Bottom Of The World With Janice November 2016

Sunday December 11th 2016  

Half Moon Island And Whalers Bay (Page Twelve)

Off to a 400 acre island and a bay formed by an ancient volcano.


About 120 miles to Half Moon Island

Did You Know - Half Moon Island is a minor Antarctic island, lying 1.35 km (0.84 mi) north of Burgas Peninsula, Livingston Island in the South Shetland Islands of the Antarctic Peninsula region. Its surface area is 171 hectares (420 acres). The Argentine Cámara Base is located on the island. It is only accessible by sea and by helicopter; there is no airport of any kind. The naval base is operational occasionally during the summer, but is closed during the winter.

Did You Know? - The island is used as a stop during Antarctic cruises, with the peak of visitation during November–March. There is a 2,000 m (2,200 yd) walking track on the southern part of the Island which allows tourists to get a close view of the wildlife (mainly chinstrap penguins and skuas), and of the surrounding mountainous scenery of nearby Livingston and Greenwich Islands. The path begins on the south side of Menguante Cove, runs westwards along the beach to Cámara Base, then turns north along the head of Menguante Cove, and eventually ascends northeastwards to the top of Xenia Hill.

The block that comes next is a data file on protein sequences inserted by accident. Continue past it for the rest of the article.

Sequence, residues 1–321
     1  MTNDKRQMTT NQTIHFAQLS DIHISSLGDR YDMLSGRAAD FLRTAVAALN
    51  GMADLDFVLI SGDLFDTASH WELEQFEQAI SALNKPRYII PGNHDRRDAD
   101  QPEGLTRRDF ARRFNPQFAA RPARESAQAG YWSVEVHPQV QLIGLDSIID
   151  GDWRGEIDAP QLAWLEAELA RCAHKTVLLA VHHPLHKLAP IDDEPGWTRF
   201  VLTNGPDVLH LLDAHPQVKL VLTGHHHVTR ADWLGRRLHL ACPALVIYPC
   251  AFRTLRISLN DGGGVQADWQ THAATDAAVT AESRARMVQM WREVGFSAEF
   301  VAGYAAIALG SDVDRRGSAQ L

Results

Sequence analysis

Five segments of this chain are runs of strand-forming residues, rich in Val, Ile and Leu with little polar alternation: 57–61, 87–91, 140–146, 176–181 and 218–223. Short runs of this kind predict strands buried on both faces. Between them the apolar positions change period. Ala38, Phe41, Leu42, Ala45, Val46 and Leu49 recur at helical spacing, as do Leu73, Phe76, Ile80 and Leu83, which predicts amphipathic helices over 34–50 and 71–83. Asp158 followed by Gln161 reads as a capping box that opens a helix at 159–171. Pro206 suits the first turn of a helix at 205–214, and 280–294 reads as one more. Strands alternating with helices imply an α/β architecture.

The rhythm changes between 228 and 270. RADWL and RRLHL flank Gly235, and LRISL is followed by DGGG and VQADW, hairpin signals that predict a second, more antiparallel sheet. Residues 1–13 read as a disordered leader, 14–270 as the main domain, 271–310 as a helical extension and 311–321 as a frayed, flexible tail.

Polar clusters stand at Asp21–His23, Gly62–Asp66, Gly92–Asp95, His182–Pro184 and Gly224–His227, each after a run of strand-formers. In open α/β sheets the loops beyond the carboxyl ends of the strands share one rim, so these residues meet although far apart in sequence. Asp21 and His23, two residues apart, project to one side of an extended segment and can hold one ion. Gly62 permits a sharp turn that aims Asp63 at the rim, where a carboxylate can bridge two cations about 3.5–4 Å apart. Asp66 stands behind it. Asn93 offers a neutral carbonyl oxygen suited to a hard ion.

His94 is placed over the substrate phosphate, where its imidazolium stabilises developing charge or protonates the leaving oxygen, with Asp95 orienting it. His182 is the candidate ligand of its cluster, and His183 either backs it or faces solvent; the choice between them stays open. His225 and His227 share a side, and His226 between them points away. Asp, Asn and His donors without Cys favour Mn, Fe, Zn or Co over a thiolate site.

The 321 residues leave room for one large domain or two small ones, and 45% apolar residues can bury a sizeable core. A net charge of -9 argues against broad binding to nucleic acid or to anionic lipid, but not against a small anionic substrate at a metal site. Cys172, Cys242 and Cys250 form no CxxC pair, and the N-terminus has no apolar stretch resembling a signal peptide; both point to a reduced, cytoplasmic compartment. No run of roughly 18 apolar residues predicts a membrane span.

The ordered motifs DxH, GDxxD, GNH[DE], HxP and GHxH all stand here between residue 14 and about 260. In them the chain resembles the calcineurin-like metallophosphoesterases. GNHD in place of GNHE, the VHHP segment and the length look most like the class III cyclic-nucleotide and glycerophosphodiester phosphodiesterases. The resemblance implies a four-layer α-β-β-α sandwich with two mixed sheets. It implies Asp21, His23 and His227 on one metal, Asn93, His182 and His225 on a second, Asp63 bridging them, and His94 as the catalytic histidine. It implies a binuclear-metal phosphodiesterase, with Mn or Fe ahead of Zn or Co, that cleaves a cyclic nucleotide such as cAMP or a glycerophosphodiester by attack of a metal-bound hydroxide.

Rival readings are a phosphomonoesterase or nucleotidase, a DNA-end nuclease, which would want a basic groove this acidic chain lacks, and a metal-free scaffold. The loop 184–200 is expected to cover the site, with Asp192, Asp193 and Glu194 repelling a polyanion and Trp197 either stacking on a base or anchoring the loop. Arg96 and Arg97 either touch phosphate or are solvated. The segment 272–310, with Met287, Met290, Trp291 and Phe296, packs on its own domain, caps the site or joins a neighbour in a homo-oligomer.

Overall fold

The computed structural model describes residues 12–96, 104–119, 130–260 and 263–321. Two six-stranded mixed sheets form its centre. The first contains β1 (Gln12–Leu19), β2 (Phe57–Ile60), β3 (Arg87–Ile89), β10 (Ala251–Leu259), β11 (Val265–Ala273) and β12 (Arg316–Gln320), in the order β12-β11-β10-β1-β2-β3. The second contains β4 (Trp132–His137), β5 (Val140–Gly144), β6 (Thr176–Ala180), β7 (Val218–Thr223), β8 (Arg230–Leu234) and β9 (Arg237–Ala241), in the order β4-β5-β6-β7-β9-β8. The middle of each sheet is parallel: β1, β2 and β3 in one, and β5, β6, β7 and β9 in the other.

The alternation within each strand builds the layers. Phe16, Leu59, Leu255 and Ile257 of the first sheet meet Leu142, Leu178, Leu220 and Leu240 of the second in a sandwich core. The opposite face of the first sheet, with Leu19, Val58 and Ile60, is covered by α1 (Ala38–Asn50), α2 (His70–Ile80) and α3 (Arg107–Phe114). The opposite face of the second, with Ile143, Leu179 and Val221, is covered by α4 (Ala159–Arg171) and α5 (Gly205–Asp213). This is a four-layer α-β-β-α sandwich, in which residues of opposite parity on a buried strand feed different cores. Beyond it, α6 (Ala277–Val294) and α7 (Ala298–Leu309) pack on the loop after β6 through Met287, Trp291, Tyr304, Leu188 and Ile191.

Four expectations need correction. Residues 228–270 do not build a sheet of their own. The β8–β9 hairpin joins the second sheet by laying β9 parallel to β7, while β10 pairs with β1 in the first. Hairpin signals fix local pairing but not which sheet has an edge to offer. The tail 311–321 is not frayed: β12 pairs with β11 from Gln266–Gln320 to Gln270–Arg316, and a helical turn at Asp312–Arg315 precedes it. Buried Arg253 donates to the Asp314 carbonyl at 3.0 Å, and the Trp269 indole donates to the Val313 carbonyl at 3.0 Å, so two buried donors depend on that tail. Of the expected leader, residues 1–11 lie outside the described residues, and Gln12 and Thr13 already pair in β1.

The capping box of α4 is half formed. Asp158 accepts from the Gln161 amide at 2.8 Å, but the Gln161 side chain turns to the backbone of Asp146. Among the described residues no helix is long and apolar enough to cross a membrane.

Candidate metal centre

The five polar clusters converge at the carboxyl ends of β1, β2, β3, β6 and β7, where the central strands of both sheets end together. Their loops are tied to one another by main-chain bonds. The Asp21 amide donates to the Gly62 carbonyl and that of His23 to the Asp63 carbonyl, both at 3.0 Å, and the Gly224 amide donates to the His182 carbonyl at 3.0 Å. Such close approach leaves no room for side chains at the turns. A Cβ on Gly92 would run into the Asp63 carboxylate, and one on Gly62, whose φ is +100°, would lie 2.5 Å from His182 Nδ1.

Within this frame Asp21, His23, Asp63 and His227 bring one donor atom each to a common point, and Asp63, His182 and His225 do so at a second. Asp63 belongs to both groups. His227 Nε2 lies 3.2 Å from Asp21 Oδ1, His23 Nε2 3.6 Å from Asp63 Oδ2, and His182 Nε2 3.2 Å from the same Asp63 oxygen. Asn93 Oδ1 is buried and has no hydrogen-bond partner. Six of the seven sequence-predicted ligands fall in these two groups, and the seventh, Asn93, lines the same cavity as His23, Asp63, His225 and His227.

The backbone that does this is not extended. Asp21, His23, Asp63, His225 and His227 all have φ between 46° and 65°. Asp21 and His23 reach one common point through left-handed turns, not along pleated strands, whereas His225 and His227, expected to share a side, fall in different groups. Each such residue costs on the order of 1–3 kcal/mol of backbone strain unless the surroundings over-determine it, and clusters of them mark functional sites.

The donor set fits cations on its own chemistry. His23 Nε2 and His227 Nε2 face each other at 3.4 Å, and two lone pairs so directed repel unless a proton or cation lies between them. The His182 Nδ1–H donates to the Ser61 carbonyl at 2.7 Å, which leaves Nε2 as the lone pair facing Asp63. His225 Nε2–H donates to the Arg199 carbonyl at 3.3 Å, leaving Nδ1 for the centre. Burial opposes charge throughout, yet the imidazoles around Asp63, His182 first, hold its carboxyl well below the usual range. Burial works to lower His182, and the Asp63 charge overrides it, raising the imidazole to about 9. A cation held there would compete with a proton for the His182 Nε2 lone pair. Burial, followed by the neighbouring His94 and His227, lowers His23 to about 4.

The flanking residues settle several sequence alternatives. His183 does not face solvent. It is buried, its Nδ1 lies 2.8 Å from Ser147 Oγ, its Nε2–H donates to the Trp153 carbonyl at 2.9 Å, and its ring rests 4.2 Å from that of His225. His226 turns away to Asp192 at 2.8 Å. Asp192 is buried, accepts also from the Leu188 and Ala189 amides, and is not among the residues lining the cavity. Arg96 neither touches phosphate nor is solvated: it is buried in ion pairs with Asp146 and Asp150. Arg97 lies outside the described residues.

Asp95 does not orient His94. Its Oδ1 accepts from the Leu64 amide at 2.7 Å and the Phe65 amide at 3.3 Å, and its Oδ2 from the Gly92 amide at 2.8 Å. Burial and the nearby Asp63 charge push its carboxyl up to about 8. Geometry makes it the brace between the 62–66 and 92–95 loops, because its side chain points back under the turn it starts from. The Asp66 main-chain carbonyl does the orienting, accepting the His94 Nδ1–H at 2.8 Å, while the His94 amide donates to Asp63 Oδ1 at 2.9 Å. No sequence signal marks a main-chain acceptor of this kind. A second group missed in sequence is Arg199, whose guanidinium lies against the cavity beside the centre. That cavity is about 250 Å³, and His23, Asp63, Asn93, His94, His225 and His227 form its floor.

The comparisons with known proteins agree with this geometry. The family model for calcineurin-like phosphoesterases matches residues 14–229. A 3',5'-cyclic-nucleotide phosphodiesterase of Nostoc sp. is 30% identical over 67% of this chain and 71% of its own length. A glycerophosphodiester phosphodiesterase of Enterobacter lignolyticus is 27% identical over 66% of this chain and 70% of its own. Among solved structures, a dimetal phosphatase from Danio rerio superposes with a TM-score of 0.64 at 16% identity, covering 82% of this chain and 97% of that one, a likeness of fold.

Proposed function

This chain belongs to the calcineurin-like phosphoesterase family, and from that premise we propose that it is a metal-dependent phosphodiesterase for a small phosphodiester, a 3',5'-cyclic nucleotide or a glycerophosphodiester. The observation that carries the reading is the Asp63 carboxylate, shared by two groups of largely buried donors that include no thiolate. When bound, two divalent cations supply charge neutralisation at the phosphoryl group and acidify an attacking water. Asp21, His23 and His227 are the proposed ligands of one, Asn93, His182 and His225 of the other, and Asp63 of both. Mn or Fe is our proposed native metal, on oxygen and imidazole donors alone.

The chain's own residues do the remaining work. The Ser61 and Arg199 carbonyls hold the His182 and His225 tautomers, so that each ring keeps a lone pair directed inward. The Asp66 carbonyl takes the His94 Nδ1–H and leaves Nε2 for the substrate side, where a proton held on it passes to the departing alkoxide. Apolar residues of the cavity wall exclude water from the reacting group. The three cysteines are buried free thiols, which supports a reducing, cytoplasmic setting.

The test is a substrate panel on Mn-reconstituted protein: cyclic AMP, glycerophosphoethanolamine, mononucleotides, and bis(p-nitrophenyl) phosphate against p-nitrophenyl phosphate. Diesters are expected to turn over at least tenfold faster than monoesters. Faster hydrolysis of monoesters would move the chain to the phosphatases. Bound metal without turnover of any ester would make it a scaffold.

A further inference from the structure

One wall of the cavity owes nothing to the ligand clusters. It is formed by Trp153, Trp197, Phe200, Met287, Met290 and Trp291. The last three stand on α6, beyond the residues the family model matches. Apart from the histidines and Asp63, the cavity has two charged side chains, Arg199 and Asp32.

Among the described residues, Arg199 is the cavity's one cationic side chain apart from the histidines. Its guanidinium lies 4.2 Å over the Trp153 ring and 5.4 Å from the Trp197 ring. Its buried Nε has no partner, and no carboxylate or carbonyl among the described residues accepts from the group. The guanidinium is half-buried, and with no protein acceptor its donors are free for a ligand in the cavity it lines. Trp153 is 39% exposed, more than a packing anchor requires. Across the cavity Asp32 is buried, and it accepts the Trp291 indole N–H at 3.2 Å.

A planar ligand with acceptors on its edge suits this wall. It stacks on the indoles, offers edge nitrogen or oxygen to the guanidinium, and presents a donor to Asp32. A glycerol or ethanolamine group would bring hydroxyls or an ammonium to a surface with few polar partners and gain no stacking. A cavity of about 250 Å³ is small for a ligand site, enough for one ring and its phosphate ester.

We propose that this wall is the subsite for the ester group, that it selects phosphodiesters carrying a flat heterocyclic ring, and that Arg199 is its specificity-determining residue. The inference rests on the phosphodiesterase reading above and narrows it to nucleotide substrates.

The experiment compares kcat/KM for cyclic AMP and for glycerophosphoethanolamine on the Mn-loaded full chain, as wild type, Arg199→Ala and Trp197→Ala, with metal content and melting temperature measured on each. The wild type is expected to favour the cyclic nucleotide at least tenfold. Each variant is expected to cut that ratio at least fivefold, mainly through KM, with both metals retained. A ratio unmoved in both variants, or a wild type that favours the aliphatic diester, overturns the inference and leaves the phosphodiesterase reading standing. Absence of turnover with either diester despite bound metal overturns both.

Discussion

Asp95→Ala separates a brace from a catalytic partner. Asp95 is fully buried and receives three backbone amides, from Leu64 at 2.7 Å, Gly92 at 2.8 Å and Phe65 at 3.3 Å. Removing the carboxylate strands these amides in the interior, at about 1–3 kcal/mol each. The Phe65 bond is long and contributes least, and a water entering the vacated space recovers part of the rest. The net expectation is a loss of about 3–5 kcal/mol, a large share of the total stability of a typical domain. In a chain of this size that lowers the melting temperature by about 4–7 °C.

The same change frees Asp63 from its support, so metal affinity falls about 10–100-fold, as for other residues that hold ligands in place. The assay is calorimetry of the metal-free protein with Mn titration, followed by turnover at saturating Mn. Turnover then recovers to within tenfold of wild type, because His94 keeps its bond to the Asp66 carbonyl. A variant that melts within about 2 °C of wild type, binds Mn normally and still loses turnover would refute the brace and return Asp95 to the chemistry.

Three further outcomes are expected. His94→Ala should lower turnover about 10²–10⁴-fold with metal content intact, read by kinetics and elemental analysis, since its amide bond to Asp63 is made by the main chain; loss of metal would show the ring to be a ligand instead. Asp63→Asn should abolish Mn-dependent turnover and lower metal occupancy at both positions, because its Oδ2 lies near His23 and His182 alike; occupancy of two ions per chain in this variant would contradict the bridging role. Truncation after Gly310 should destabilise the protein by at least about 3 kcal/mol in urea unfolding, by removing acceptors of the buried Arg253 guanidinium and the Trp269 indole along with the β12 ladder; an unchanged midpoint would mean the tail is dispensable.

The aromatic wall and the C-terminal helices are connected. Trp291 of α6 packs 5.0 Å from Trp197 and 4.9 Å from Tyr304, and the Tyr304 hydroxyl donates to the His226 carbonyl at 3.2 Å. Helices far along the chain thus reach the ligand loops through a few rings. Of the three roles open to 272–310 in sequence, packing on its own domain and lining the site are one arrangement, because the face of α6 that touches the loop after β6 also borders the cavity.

Whalers Bay painting from 1910

Did You Know? - Whalers Bay is a small bay entered between Fildes Point and Penfold Point at the east side of Port Foster, Deception Island, in the South Shetland Islands of Antarctica. The bay was so named by the French Antarctic Expedition, 1908-10, under Charcot, because of its use at that time by whalers.
Historic site

The site has been designated a Historic Site or Monument (HSM 71), following a proposal by Chile and Norway to the Antarctic Treaty Consultative Meeting. It comprises all pre-1970 remains on the shore of the bay. These include artefacts and structural remains from the early whaling period (1906–1912) associated with Captain Adolfus Andresen of the Chilean Sociedad Ballenera de Magallanes, the Norwegian Hektor Whaling Station (1912–1931), the period of British scientific and mapping activity (1944–1969), and a cemetery containing 35 burials and a memorial to ten men lost at sea. It also commemorates and acknowledges the historic value of other events that occurred there.


Cuverville & Neko Page Thirteen